The method of exhaustionCreation The method of exhaustion was a techniqueused from ancient Greek mathematicians to solve results that are now solvedwith the use of limits. It amounts to an early form of integral calculus and itwas created with the purpose of finding the area of a shape by engraving insideit a series of polygons whose areas unite to the area of the containing shape.The difference in area between the nth etched polygon and that of the coveringshape will become smaller as n becomes large, if we execute the sequence withthe correct way. While the space between the incised polygon and the involvedshape becomes extremely small, then the possible values for the area of the coveringshape are methodically “exhausted” by the lower bound polygonal areasconsecutively recognized by the sequence members. The idea of the method ofexhaustion was firstly originated with Antiphon of Athens in the 5thcentury BC. The method of exhaustion is considered as a forerunner to themethods of modern calculus. Between the period of 17th and 19th century, thedevelopment of analytical geometry and rigorous integral calculus (morespecifically in the sector of the limit definition) classified the method ofexhaustion so that it is no longer used today in order to solve geometricalproblems.

Bryson Anancient Greek mathematician and sophist named Bryson of Heraclea that was bornaround 450 BCE, was the first to engrave a polygon inside a circle, discoverthe polygon’s area, twofold the number of sides of the polygon, and repeat theprocess, leading to a lower bound approximation for the area of circle. Lateron, Bryson used the same process in pursuance of polygons circumscribing acircle, resulting in a higher certain approximation for the area of a circle.Bryson after all these calculations was able to almost accurate ? and furtherplace lower and upper bounds on ?’s real value.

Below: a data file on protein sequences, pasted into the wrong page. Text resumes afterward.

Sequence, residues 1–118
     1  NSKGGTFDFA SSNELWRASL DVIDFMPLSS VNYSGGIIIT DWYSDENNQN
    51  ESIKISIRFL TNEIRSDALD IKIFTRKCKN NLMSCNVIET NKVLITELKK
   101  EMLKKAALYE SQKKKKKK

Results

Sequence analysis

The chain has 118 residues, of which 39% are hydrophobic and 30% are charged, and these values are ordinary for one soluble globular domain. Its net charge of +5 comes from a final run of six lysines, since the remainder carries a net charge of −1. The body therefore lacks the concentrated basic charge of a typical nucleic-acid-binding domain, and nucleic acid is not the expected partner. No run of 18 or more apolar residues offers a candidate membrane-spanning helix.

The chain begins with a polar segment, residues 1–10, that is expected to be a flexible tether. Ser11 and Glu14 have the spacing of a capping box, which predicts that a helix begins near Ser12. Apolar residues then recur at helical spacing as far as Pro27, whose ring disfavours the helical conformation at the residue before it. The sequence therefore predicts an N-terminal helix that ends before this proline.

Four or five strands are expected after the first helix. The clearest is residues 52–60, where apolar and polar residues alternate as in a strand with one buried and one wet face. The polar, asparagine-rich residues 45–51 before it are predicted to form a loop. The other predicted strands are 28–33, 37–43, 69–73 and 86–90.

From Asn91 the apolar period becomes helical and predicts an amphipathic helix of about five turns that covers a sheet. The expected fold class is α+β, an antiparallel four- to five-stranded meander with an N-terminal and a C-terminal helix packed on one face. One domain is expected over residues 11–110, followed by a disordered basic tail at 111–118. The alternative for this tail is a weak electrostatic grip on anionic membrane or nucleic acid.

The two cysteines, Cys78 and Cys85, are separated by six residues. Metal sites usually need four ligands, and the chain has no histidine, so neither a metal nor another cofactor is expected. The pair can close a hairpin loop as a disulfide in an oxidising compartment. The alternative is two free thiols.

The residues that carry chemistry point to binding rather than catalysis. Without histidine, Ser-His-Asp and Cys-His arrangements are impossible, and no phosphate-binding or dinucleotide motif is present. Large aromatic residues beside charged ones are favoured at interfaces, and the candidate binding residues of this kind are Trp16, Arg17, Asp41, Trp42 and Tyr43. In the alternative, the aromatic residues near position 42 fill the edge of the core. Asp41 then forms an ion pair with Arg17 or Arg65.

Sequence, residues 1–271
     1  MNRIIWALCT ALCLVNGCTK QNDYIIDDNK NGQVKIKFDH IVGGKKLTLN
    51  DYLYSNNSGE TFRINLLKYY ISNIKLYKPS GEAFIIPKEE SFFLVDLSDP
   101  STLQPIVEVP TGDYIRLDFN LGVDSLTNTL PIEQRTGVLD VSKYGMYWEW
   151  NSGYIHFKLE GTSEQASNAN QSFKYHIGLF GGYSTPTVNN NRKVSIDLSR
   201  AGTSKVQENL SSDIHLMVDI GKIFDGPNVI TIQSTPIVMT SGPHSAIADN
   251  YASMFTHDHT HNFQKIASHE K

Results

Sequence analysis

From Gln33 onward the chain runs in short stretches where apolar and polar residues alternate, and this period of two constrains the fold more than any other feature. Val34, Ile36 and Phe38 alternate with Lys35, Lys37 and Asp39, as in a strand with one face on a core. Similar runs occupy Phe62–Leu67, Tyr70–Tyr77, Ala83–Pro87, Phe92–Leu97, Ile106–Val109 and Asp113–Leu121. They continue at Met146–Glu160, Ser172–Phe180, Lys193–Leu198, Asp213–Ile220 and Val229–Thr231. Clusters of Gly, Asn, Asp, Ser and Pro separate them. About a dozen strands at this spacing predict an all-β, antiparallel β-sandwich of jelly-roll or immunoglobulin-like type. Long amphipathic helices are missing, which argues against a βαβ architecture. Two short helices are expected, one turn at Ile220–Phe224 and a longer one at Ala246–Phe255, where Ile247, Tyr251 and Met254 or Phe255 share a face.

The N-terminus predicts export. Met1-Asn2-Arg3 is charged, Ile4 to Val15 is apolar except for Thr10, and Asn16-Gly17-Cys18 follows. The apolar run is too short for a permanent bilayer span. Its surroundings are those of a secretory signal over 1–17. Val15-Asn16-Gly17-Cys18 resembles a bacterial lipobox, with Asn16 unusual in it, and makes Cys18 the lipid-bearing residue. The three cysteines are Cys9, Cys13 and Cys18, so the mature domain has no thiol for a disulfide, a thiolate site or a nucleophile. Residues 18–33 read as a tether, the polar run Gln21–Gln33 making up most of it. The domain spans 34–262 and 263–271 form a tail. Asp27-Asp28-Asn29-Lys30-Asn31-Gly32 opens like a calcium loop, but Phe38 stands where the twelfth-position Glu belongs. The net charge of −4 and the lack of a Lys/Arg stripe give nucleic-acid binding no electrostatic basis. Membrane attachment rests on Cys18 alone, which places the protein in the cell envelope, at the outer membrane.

Unfortunately, due to the difficultyof the method, Bryson was only able to compute ? to a few digits. We willprobably never know faithfully who was first to find out that the ratio betweenthe area of a circle and the area of a square having side length equal to thatof the circle’s radius.Archimedes Archimedes,one of the greatest mathematicians of all time was always working to produceformulas because we wanted to calculate the areas of regular shapes. Forinstance, he wanted to estimate the area of a circle.

To achieve that, he designeda polygon outside the circle and a smaller one inside it. Each time he enclosedI bigger polygon in the circle from both side approximating the area of thecircle more closely. This is the method of exhaustion and Archimedes was one ofits first exponents of this method. With this method he managed to discover thearea of a parabolic segment, the volume of a paraboloid, the tangent to aspiral and also a proof that the volume of a sphere is 2/3 the volume of acircumscribing cylinder. As for the area of a circle, the way Archimedes statedhis proposition was the area equals to the area of a triangle whose height andbase equals to its radius and to its circumference respectively: (1/2)(r*2?r)=2?r^2. But there is something delicate here. We have never seen a referencesimilar with this before in Greek mathematics talking about the length of acurve opposed to the length of a polygon.

In the present, the length of a curveis defined to be a limit. In fact there are curves with infinite length butArchimedes is restricting them to a countable value. This was a wise decisiondone by him because limits were discovered many years later in about 1820.Until then, Archimedes method seemed to be the best choice for those years.Convexity Archimedesdoesn’t need to know much information regarding the length of the curves, sincea circle is a relatively a simple one. His axiom is concerned only with arestricted class of curved paths which are called convex paths. These kinds ofpaths can be described by examining whether something is convex or not. Here’sone way to distinguish the convex paths from the others.

Convex paths bulge outwhile the others have dimples.